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Insight – Tell it like it is

Business culture is changing. Better business intelligence, the need for
regulatory compliance and a greater recognition that the finance function can
play an entrepreneurial role are among the factors which are combining to alter
how organisations conduct their business.

These were just some of the conclusions drawn from two roundtable
discussions, hosted by Financial Director in association with Microsoft, in
June. The discussions brought together finance directors from a variety of
organisations, including the RAC and the NHS. The participants examined the
issues of regulation and compliance, and discussed how their internal controls
are changing, and how both their organisations and their own roles are moving
forward as a result.

FDs in heavily regulated industries, such as the former public utilities or
the state-owned Scottish Water, largely felt the regulator was only looking for
information which the company should be producing for itself. “Regulation isn’t
very intrusive or terribly time consuming,” said Alan Gow, FD of Virgin Mobile.

But the FDs were divided on whether the introduction of financial regulations
such as Sarbanes-Oxley have led to an improvement in the quality of information
in their organisations. “I think it can stop you from providing information. You
can end up removing information from your reports to shareholders because you
can’t absolutely prove it,” said Kieran McPolin from BT. “So you end up telling
shareholders less.”

But FDs broadly agreed that Sarbox has led to the understanding that a
financial structure is vital. They believe the focus has been good for
businesses and good for the finance community in general. Richard Arnold, FD of
software developer Intervoice, said: “It means people are looking for the
finance director to set the environment rather than waiting until it goes

The participating FDs agreed that, in the long run, financial regulation
might also have the effect of stifling innovation in the US because it
discourages risk. They expressed concern that it may ultimately affect
investments in the US because entrepreneurial risk-taking may be discouraged in
public companies.

Everyone agreed that the FD’s role has changed dramatically in the past 10
years, partly because of regulation and partly because of commercial pressures.
“The work we do now is more of providing an interpretation of how the business
is running, moving to more of a general COO-type operation,” said Microsoft FD
Paul Hart. “Ten or 20 years ago, how many finance directors would have driven
growth in their business?”

Lucian Bartram, CEO of IT supplier Globe Microsystems, added: “There’s
fundamental change in the way we employ people. As well as compliance issues and
legislation, it is now driven by customer demand. There’s more accountability,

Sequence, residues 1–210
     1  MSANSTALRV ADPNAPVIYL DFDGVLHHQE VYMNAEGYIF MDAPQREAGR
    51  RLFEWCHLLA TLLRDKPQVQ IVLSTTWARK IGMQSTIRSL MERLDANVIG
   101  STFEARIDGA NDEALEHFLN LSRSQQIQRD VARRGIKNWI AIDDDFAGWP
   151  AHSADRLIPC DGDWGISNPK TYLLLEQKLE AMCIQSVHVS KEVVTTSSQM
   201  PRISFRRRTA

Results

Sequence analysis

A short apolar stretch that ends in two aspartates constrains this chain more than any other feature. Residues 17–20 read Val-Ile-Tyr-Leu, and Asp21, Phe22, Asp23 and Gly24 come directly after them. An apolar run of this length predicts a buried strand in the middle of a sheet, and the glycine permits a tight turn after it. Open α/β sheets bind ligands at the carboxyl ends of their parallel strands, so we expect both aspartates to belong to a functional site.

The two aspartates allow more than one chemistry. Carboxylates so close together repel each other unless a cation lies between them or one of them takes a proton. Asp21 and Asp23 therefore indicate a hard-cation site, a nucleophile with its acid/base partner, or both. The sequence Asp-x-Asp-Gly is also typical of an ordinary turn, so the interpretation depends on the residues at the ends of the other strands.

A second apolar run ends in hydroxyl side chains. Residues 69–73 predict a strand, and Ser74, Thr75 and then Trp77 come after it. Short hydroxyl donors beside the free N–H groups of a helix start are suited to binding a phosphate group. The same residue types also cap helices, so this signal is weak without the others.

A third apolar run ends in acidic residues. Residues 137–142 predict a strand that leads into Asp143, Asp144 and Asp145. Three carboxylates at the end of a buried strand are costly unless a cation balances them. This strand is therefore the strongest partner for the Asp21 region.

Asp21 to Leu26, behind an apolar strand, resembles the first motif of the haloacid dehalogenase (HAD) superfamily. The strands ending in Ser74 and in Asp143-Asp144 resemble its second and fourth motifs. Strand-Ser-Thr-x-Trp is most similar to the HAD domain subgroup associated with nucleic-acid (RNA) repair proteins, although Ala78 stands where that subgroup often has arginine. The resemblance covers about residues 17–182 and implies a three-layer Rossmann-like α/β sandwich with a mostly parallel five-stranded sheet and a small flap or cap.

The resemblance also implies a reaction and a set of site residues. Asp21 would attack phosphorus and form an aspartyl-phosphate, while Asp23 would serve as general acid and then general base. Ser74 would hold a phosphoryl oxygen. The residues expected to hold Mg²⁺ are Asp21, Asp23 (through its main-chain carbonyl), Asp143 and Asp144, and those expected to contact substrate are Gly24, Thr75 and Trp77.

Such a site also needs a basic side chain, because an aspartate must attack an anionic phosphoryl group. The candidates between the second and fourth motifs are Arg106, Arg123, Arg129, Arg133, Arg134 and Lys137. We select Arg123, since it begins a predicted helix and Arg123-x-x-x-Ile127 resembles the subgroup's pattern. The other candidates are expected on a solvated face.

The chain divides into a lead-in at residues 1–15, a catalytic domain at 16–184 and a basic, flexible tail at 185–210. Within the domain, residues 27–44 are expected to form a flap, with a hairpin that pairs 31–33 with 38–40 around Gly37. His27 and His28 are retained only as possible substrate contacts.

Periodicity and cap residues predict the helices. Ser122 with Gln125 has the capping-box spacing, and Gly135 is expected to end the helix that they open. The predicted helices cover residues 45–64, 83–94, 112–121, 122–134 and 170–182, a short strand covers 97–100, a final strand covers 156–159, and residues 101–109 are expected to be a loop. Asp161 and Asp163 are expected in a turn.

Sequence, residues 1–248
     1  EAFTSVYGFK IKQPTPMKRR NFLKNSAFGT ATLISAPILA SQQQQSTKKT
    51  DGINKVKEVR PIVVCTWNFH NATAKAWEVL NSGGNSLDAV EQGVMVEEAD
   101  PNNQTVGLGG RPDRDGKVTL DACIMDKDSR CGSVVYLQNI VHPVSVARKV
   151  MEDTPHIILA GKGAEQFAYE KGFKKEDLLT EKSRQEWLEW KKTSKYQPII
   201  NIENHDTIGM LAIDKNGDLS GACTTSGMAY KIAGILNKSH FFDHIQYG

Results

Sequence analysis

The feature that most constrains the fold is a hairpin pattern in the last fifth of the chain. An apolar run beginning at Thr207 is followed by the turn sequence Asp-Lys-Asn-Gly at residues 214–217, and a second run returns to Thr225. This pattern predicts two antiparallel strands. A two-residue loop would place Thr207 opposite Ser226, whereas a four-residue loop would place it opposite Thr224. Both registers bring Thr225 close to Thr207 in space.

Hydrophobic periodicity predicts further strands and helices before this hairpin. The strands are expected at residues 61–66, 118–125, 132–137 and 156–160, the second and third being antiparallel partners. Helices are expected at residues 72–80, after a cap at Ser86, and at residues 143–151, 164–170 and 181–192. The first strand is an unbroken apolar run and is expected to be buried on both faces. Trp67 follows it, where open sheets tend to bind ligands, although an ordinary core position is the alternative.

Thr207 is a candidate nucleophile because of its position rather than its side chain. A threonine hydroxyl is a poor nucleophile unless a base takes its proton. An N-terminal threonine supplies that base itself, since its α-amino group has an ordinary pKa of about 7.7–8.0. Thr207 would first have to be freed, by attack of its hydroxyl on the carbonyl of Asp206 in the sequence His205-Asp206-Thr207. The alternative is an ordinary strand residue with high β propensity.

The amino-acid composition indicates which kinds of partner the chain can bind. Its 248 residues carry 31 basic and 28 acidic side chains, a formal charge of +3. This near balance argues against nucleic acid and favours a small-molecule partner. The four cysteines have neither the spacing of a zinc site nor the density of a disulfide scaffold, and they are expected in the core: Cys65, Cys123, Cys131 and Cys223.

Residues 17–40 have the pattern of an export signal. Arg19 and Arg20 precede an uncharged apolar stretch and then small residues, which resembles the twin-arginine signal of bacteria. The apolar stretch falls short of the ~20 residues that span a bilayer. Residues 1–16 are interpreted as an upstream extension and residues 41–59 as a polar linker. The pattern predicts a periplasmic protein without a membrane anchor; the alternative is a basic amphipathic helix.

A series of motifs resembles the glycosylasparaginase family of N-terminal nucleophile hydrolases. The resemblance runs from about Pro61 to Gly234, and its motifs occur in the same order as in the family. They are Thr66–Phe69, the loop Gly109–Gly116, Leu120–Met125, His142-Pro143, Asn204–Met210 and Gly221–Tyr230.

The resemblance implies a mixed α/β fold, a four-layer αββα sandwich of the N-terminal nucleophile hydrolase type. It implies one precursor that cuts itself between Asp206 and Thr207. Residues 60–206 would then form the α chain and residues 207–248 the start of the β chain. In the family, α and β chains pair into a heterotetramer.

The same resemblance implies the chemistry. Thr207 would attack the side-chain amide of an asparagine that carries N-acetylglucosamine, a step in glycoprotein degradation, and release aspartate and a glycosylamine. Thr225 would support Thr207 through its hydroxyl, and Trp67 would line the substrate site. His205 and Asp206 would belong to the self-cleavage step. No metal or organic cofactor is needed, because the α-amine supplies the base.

more transparency, and you tend to present more of your employees to your
customers. Everyone in the business is getting a slightly different role from
what they would have had 10 or 20 years ago.”

Staff tend to ask more questions about finance than they used to, according
to the FDs, and they also see greater impetus at board level to drive statistics
– financial or otherwise – as far down the organisation as possible in order to
get staff buy-in. “The board are much more aware of what they should be pushing
their executives to achieve. This should then be disseminated throughout the
organisation so that everyone will understand why they’re doing what they’re
doing,” said Tim Waggott, FD of the Shoreham Port Authority.

Andrew Darby, FD of banking software provider Misys, said: “My biggest
challenge is to bring good management information to a business which is
changing. And I must meet the needs of the business while not spending a fortune
on the systems needed to do this.”

Digital dashboards are finding favour as a means of presenting information in
organisations, but “forecast information on the dashboard is as important as the
historical information”, according to McPolin. “In our business, could we have
predicted the growth of the internet? It’s the big disrupters in business that
can catch companies totally by surprise. There has to be expert, well-informed
forecasting input into any dashboard.”

Gow added that people are the ones who determine the key performance
indicators. “They design the framework, how it goes out and how others react to

Mike Shallow, FD of brewers Greene King, added a final note of caution: “I
think there is the risk of just so much data. In order for a business to be
successful and entrepreneurial, it should be clear what the right targets for
the different parts of the business are. And that’s the most difficult task. It
also needs to remain valid as the business develops because the task for one
year isn’t the task for another year.”

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